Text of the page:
• Easiyo packets
• Powdered milk with frozen yoghurt culture (starter) or yoghurt from previous batch
• Pasteurised Bella milk with frozen yoghurt culture or yoghurt from previous batch
Pasteurising the milk kills all the other bacteria that may compete with the yoghurt culture, but it also kills any beneficial bacteria and denatures enzymes that may help with digestion of the yoghurt. Up until recently, I had accepted that raw milk yoghurt didn’t work for me, and that at least I was getting the benefit of the yoghurt bacteria, even if I was missing out on those other bacteria and enzymes. I had actually started using milk powder again, even though we had plenty of Bella milk, just because I find that the pasteurisation was adding so much extra time to the process. I heat the milk slowly so it doesn’t stick to the bottom of the pot, and it was taking an hour to heat and an hour to cool down enough to add the culture. What a pain!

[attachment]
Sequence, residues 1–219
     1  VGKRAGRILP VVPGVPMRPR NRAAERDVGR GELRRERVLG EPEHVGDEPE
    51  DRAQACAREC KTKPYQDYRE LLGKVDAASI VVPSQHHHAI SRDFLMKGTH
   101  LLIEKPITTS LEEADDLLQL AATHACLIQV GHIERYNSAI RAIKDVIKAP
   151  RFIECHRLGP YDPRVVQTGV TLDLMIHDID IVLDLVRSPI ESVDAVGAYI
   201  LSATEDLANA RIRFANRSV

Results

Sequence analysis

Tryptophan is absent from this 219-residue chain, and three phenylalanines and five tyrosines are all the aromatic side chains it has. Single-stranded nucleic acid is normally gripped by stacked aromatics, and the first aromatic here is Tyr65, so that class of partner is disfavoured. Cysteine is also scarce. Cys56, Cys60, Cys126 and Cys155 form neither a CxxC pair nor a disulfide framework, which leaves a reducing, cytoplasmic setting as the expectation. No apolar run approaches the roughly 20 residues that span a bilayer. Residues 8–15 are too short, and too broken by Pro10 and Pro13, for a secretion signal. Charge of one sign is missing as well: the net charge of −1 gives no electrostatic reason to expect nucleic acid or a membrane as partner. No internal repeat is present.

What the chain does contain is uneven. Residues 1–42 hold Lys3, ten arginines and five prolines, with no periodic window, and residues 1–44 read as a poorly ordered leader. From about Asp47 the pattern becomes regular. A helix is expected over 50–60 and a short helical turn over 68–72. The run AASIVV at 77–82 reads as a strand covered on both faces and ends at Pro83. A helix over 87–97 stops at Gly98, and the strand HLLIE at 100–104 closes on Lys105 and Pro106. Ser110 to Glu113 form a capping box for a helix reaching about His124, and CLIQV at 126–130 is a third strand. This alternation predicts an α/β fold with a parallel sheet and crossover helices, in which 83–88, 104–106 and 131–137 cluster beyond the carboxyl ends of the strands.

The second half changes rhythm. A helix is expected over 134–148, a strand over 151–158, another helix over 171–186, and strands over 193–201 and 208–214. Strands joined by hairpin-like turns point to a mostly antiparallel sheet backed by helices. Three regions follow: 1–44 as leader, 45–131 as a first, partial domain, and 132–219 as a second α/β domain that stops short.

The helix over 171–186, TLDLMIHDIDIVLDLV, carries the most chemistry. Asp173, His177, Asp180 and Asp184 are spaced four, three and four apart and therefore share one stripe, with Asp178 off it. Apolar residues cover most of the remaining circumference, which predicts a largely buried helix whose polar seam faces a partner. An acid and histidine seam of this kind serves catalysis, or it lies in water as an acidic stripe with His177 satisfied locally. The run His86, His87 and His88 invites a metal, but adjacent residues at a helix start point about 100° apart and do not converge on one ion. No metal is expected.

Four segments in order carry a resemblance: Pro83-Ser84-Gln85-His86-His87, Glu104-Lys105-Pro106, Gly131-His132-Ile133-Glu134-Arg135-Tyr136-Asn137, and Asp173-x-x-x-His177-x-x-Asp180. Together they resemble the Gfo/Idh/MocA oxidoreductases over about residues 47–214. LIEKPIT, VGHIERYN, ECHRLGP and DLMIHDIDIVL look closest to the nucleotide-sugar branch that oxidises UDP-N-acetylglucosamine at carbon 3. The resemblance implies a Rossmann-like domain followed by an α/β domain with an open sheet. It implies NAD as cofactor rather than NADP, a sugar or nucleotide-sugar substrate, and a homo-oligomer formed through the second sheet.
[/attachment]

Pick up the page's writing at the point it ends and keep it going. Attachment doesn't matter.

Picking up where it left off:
But you might have heard that process of making powdered milk causes the cholesterol to oxidise, which means its not a great thing to eat. It also contains soy lecithin as a flowing agent. I'd really rather not use powdered milk, but its just so much more convenient, and I have been hoping that the health benefits of the pro-biotic might just outweigh the negative effect of the oxidised cholesterol.
So you can see why I was hoping to find a way to make yoghurt using raw milk, it is way easier to just put the culture in the milk straight from the cow and let it ferment and make yoghurt, with no fiddly pasteurisation involved, and you get to keep all the beneficial bacteria and enzymes in the original milk.
|here's where the milk comes from...|
My previous attempts at making raw milk yoghurt had resulted in curds and whey, because the yoghurt bacteria hadn’t had a chance to multiply before the natural lactic-acid bacteria in the milk had started to grow instead. Apparently this method of inoculating with a yoghurt made from pasteurised (or powdered) milk gives the yoghurt bacteria a better start in the raw milk. The key is to keep the pasteurised yoghurt batch going at the same time, this batch will contain only the yoghurt bacteria, and not all the competing bacteria that may eventually take over if you inoculated with the raw milk yoghurt (although I am of course very tempted to try that too, I’m all for simplicity!).
|milk fresh from the cow|
Do you make yoghurt? Why not? Its so easy and there's so many different ways to make it, surely one will work for you! Get yourself a big thermos and give it a go!
PS I get my yoghurt culture from Green Living Australia, and you can also order from Cheeselinks.